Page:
by Henry Morris III, D.Min.
Being Biblical means that we do not doubt the written Word of God.
The writer of Hebrews tells us that belief in the creation is the first test of faith a human must face (Hebrews 11:3) and that without faith it is impossible to please God (Hebrews 11:6). And faith, Paul reminds us, comes by hearing the Word of God (Romans 10:17). Faith is a gift that God gives (Ephesians 2:8), channelled through the written words of God, and it enables us to “transform” and “renew” our minds so that we can “prove” the “good, and acceptable, and perfect, will of God” (Romans 12:2).
Doubt is very subtle. It enters our thoughts when we lack knowledge, and can fester into open rebellion against reality. This is especially true if we attempt to accommodate a “double mind”—which will ultimately drive us to instability in all of our deliberations (James 1:8). That is why being biblical is our first and foremost characteristic.
We are committed to a strong view of Scripture, maintaining that “every word of God is pure” (Proverbs 30:5), that the “scripture cannot be broken” (John 10:35), and that all of the written text of the Bible is “God-breathed” and therefore without error (2 Timothy 3:16). Furthermore, we are confident that these “great and precious promises” are sufficient for “all things that pertain unto life and godliness” (2 Peter 1:3-4).
Being Biblical means that we do not deny God’s capability.
The central argument that Satan made to Eve in the Garden was that she would not die—as God had said. Eve was left with several possible responses to that challenge. If Satan was right, God either could not or would not do as He promised. If Lucifer was challenging the Creator, then surely God was not as omnipotent as He said He was, and therefore Eve could (and did) embrace the opposite of what she had been privileged to know. Adam, on the other hand, with full knowledge of what was transpiring, chose to participate in the rebellion and defy the Creator.
The same situation exists today. God has provided evidence in the “things that are made,” so made that even His “eternal power and Godhead” are clearly seen (Romans 1:20). Those who choose to deny and defy the “speech” and “knowledge” written in the universe (Psalm 19:1-3) are “without excuse.”
In our work to know the Creator and make Him known, we willingly and joyfully embrace the “divine nature” so beautifully inscribed across the universe. We are not tempted to subject the creation of the universe to eons of death and chaos, because the clear words of the biblical text eliminate such a monstrous possibility. To make God the author of evolution in any developmental scheme is to deny the omnipotence and omniscience of the very Being upon whom we rest for our own salvation and eternal destiny. The words of God are eternal and “in him are yea, and in him amen” (2 Corinthians 1:20).
Being Biblical means that we will not denigrate God’s character.
The secular, non-theistic worldview is in direct opposition to a Creator. It knows and acknowledges nothing of the need for eternal redemption. It speaks only of self-centered appeasement. Naturalism at its core is atheistic, and the thrust of evolutionary theory is to tell the “story” of our origins without God.
The main proponents of evolutionary naturalism and the associated sociological exponents of that philosophy are atheistic in theory if not in practice. Our culture has passed from “modern” to “post-modern” and with it have come the many variations of scientism that are unified in their opposition to the concept of a transcendent Creator God. The very idea of an omnipotent, omniscient Being is anathema to these naturalistic concepts of human existence.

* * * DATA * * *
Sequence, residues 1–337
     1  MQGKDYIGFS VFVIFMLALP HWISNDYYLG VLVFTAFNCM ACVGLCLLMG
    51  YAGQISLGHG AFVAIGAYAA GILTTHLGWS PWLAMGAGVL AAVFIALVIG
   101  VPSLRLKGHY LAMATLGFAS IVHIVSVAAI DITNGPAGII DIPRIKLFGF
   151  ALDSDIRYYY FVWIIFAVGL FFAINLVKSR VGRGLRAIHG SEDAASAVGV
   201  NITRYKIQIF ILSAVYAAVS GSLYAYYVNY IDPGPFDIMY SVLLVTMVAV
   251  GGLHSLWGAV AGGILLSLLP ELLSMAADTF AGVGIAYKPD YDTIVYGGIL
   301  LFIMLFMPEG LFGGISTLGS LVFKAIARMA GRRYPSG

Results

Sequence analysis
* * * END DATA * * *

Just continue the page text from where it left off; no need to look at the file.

A “god” who would use the cruel, inefficient, wasteful, death-dependent processes of the random, purposeless mechanisms of naturalistic evolution contrasts so radically with the God described in the pages of the Bible that one wonders how the two could ever be thought to be the same being, as some evangelical leaders are claiming today.
God’s holiness demands that the creation not distort anything about God—or about the creation itself. God could not create a lie; He could not make anything that would inexorably lead us to a wrong conclusion, nor could He create processes that would counter His own nature or that would lead us to conclude something untrue about Him.
Everything that we see revealed about God, both in the universe and in the Scriptures, shouts the message that God is a God of order, purpose, and will. There is no hint of randomness in God. God does not react to circumstances; He’s never caught off guard. He never has to correct Himself and change His mind about His reason for doing something. He does not alter His plan for eternity, nor does He get confused about His design, His pleasure, or His purpose.
Given all that God has done to convey who He is and what He wants us to know, how should we approach His Word? What method can we use that would bring us most carefully to His written Word?
Being biblical sends us first to the very words of God before we attempt to identify key questions or answers necessary for solid apologetics. Being biblical demands that our activities are founded on the revealed truth of Scripture, which provides the “box” within which we search for truth about the world around us.
Being biblical is rooted in God’s command in Genesis 1:28, shaping our conscious efforts to “subdue” and “rule” the creation in such a way that our worship is directed to the Creator and not the creature.